Clark might benefit from having been prime minister for only nine months in 1979-80. If he'd occupied the office for much longer, he or his government might have done more to embarrass themselves.

Almost all political careers end in failure, and in the immediate aftermath such honours can seem ridiculous. Consider, for instance, the debate and mockery that ensued when someone suggested naming Calgary's airport for Harper after the 2015 election.

Were someone to announce plans next week for a Stephen J. Harper Public School, there would no doubt be snide questions about the school's science curriculum.

Should schools bearing Sir John A. Macdonald's name be changed?

5 years ago
Duration 2:32
The Elementary Teachers' Federation of Ontario want to rename schools that bear Sir John A. Macdonald's name because of his treatment of Indigenous people, a move that has sparked a contentious debate over how Canadian history is dealt with in schools

Even 25 years from now, it might matter where such a school would be located. As late as 2010, there was controversy over naming a school in Calgary for Pierre Trudeau.

Even while recent prime ministers have gone without the honour, schools have been named for former governors general Adrienne Clarkson and Michaëlle Jean.

Will we stop naming schools after PMs?

In Macdonald's case, mind you, only time has actually allowed an argument against him to be built. And if his name goes, his supporters might ask why those who continued his policies are allowed to have schools. 

Recent, current and future prime ministers might also be condemned for other reasons — failing to act to combat climate change, for instance.

In these more cynical — or realistic — times, we might simply move away from naming schools for politicians.

Research published a decade ago in the United States found evidence communities were moving away from naming schools for presidents. In Florida, the number of schools named for manatees apparently outnumbered the schools named for George Washington. (In fairness, the manatee is a very noble beast.)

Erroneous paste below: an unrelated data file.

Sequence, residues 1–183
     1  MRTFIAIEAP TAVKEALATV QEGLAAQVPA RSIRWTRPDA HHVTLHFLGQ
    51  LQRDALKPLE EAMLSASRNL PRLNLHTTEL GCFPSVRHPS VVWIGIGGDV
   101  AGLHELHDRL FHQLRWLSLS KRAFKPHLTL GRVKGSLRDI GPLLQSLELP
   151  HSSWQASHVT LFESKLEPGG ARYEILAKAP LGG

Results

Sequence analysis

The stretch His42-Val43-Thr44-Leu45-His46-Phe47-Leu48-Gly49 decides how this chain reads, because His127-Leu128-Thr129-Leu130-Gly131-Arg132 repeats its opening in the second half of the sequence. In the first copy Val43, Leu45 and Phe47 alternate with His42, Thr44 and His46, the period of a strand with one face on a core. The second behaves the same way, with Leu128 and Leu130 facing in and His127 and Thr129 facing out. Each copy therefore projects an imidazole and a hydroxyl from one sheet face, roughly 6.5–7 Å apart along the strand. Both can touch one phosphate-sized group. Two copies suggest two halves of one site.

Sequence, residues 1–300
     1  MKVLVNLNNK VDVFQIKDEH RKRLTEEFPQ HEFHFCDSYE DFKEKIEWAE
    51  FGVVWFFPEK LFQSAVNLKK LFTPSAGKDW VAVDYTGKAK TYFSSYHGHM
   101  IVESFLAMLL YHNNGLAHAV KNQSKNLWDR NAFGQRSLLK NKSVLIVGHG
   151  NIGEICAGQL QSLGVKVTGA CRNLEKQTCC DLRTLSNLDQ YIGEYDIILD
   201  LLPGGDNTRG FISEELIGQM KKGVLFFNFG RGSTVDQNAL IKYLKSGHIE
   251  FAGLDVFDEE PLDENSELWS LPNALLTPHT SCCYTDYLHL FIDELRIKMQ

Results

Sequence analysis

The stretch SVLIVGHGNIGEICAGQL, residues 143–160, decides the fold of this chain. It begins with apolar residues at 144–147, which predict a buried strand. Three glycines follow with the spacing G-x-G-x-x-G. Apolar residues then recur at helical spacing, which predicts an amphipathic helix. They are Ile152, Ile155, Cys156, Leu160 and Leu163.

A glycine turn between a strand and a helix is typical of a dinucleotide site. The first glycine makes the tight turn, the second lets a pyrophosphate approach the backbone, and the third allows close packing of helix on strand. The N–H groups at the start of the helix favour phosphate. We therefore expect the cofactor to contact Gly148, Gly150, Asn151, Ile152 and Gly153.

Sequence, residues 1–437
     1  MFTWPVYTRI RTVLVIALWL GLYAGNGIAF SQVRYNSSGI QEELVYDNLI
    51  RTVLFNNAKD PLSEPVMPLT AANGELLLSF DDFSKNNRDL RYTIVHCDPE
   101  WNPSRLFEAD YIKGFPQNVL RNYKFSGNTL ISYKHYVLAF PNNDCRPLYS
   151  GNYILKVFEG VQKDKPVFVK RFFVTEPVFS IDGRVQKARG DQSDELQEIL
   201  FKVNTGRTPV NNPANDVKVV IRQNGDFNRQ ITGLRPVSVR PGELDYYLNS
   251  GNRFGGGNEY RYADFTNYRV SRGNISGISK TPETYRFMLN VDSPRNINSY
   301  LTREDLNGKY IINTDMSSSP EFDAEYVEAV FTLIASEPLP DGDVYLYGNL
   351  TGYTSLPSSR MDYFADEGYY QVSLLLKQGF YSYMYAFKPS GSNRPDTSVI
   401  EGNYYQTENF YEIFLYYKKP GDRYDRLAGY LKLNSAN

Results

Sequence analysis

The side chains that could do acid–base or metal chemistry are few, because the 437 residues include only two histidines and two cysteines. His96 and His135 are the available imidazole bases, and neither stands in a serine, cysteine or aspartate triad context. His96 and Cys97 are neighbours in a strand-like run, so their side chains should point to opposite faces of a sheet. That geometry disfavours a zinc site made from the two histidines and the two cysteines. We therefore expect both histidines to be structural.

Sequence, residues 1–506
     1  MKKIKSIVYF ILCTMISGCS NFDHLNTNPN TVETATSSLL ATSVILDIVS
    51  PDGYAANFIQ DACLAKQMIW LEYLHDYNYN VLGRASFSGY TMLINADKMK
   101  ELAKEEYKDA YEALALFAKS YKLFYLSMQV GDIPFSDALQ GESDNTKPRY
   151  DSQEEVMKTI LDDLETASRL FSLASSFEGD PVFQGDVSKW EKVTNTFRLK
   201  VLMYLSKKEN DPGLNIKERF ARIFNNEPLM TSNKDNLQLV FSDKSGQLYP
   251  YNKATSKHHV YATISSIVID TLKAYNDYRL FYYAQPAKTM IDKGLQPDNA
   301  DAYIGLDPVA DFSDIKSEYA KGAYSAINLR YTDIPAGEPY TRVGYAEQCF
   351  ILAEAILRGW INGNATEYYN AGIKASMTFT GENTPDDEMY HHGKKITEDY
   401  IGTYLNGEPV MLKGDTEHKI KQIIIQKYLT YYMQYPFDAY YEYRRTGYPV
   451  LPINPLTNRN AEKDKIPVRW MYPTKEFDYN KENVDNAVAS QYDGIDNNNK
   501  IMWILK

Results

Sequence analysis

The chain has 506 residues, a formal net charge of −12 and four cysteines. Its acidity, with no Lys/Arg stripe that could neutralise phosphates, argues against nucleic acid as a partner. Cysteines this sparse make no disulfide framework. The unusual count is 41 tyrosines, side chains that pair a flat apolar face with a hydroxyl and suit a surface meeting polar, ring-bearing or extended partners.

It may provoke a debate over whether that person is worthy of emulation.— Report on Florida schools

"The difficulty with naming a school after a person is that it may provoke a debate over whether that person is worthy of emulation," the authors wrote.

There are certainly other admirable figures whose names could be used instead: astronauts, doctors, teachers, hard-working and humble political journalists. Those whose mistakes and failings are less prominent.

There would still be history books for prime ministers.

Or, in maintaining the tradition of naming schools for them, we could decide that each prime minister, simply by holding the office, made a meaningful contribution to the country, as imperfect or outright flawed as that contribution may have been.

That they were a symbol of public service and democracy. That even their mistakes are worthy of commemoration.

That, even if just for a matter of months, they personified the essential politics of the country.


Aaron Wherry

Senior writer

Aaron Wherry has covered Parliament Hill since 2007 and has written for Maclean's, the National Post and the Globe and Mail. He is the author of Promise & Peril, a book about Justin Trudeau's years in power.